Eulogy for Bethel: Light That Endures
Two weeks ago I received a letter from the district superintendent of Bethel United Methodist Church, in whose congregation I grew up. The country church is being closed January 1, 2017, and I was asked where I would move my membership. I was given a few choices.
My Irish great grandfather Richard Damery was one of the founders of Bethel in 1870. He and most of my ancestors on my father’s side are buried around the church. As children we played “ghost”, a variation on tag, in the cemetery. My childhood social life revolved around Bethel.
A few years ago an ambitious, if misguided, minister attempted to combine Bethel with a church in town, splitting the congregation. The ones that stayed slowly dwindled until it became very clear that the church needed to close.
This Christmas is the last Christmas in Bethel. Although I will not attend (I live in California; Bethel is in central Illinois), I know in my heart what the Christimas pagent will be. In fact, each year in this dark time, I remember the cold, snowy nights we attended church and the light that comes when all is so dark. In the end, Bethel, “House of God” endures in my heart.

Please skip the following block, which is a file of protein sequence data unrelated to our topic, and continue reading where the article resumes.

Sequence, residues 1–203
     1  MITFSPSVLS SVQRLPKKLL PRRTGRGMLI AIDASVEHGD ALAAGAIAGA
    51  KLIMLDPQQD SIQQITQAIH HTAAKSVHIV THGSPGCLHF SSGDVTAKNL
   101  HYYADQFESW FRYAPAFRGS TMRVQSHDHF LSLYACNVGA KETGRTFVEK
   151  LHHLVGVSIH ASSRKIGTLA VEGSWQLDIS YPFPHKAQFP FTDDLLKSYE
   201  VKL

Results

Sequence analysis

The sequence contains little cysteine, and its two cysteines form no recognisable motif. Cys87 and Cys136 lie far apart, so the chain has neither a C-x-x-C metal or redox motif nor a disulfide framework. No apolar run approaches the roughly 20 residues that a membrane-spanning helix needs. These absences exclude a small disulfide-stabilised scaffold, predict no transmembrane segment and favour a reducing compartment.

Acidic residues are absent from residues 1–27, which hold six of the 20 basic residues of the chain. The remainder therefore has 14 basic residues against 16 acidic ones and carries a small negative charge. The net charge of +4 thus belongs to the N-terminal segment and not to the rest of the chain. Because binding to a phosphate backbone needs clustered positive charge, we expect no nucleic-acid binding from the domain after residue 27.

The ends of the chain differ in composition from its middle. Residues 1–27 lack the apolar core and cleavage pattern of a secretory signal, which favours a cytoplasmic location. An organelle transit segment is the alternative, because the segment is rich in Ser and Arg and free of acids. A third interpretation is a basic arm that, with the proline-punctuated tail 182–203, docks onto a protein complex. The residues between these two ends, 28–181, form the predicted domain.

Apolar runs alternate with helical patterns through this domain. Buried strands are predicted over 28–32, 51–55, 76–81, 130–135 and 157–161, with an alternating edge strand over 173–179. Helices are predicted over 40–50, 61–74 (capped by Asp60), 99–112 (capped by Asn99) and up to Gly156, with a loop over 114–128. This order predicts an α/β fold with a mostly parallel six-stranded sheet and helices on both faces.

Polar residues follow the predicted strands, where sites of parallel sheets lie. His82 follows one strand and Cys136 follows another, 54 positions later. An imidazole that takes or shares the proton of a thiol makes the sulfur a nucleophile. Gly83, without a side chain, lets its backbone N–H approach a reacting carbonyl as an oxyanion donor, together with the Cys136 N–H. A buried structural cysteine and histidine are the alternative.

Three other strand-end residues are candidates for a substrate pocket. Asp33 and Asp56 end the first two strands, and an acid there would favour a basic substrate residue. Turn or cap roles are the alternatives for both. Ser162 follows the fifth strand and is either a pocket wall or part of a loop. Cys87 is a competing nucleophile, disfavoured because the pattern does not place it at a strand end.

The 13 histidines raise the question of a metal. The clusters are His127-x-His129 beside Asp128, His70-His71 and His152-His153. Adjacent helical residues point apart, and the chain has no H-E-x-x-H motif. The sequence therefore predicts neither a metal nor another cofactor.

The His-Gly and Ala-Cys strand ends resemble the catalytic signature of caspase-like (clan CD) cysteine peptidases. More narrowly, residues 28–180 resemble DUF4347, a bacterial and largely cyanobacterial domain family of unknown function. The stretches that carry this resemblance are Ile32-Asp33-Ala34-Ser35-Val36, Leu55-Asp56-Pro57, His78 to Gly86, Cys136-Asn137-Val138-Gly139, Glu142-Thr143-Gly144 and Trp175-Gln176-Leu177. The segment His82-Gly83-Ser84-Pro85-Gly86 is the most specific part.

The following is a blog I did several years ago telling my own Christmas story about Bethel.
Abundant Life: A Christmas Story
My departure from organized religion began when I realized “eternal life” was “abundant life”— spiritually abundant. At the moment of epiphany I was sitting on the stage near the altar of our old country church, drafted to play the part of Virgin Mary in the annual nativity pageant. As every year before, the main players, Mary, Joseph, the baby Jesus (the newest born in the congregation), some shepherds, wise men, and an angel, had paraded down the center isle of the candlelit sanctuary to the stage, now bedecked with evergreens and a back drop of the star-studded skyline of Bethlehem, painted by my mother several years before. We were accompanied by the voice of God: the deep, booming voice of Bill Sheppard, a good friend of my parents and distant relative, reading the Christmas story from the balcony:
In those days a decree went out from Caesar Augustus that all the world should be enrolled… And Joseph also went up from Galilee, from the city of David, which is called Bethlehem…to be enrolled with Mary, his betrothed, who was with child. And while they were there, the time came for her to be delivered. And she gave birth to her firstborn son and wrapped him in swaddling clothes, and laid him in a manger, for there was no place for them in the inn (Luke 2: 1-7).
My revelation was not well received by everyone in the church. (Of course, I couldn’t keep it quiet!) I remember one of the more fundamentalist types telling my mother that this is what happens when you send a kid to college. Although my mother was raised Baptist, she was also educated and liberal minded and buffered a lot between us kids and some of the more conservative members of the congregation. I know she also worried at my increasingly liberal views of Christianity, even up to the time of her death.